An ic(k)y accident

January 11, 2010

A penguin stands on the water's edge during a blizzard at Cape Denison, East Antarctica.When you live on the edge of Antarctica, coping with gale force winds, blizzards, snow and ice, the risk of accidents are heightened.

Every time we leave the base we carry radios and if planning to be out for a while we carry survival kits to minimise the risk of accidents occurring, as the nearest help is 200 kilometres away at the French base of Dumont d’Urville.

In my case I had my first accident today and radio contact or a survival kit couldn’t have helped me. Luckily, I survived, but my dignity was left a bit smelly.

Stuck inside for a second day because of an impending blizzard, with winds reaching 60 knots, the opportunity to get outside and work isn’t possible, so all 10 of us have been cooped up inside our base — the Sorensen hut.

In sheer desperation to get outside for fresh air, I volunteered to help with the slops run.

Having done this run many times now I have the drill down pat: put on an extra layer of heavy duty clothing, gloves, balaclava and hat; seal the containers tight; carry them from the kitchen and the toilet down a set of steps and pack them on a slay, or in more windy conditions in the trailer of a Quad bike; travel with a second person to the water’s edge to dispose of the contents.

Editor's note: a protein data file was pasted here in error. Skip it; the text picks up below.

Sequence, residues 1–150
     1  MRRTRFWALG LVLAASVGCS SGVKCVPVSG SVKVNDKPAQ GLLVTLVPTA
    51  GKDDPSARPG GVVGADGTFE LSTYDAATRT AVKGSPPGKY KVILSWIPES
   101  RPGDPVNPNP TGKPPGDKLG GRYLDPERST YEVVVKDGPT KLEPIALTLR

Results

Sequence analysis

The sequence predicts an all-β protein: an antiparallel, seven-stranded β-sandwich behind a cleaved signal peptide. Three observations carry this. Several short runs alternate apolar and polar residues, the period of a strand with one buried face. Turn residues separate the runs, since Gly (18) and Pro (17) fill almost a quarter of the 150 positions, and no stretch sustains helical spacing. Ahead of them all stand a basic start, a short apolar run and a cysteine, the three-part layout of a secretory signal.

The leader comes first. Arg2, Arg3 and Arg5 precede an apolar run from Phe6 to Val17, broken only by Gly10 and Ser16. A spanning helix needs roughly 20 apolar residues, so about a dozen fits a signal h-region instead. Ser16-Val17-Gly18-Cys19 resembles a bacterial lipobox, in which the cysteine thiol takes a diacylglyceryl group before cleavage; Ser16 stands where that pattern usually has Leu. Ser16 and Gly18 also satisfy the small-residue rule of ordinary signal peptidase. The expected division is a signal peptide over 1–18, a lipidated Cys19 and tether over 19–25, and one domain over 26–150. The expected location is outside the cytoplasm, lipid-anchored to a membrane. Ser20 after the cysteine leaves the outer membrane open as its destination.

Well, when we reached our destination today, I wrestled with a heavy container that was full to the brim.

Me saturated after wearing some of the contents of the slops bucketNoticing that my general fitness level has improved since I’ve been here, I was feeling happy with myself for getting it onto the side of the trailer, so I unscrewed the kitchen slops container, which contains a concoction of used dishwater, the dregs of unused tea & coffee, diluted with the contents of 10 people’s teeth cleanings, and turned to dispose of it.

That’s when disaster struck. I fell down a hole in the snow.

The disgusting contents hit the ground and what immediately looked like a dirty grey tidal wave came rushing towards me, hitting me in the face, neck and right down my coat, managing to swamp my gloves, all in a matter of seconds.

Thankfully, my balaclava protected my face from a direct hit and my coat and gloves bore the brunt.

When I stopped laughing long enough to straighten myself up, I took the next container to the water’s edge, determined to succeed, despite my previous attempt.

This time I managed to dispose of refuse into the Antarctic water, but not completely unscathed. The wind sprayed its contents over the sleeve of my coat, but unlike the slops which don’t smell too bad, this yellow liquid was very smelly. My coat is now pegged to my tent stays, blowing in the wind.

The upside is the smelly accident made me laugh and gave me the opportunity for a much coveted shower.

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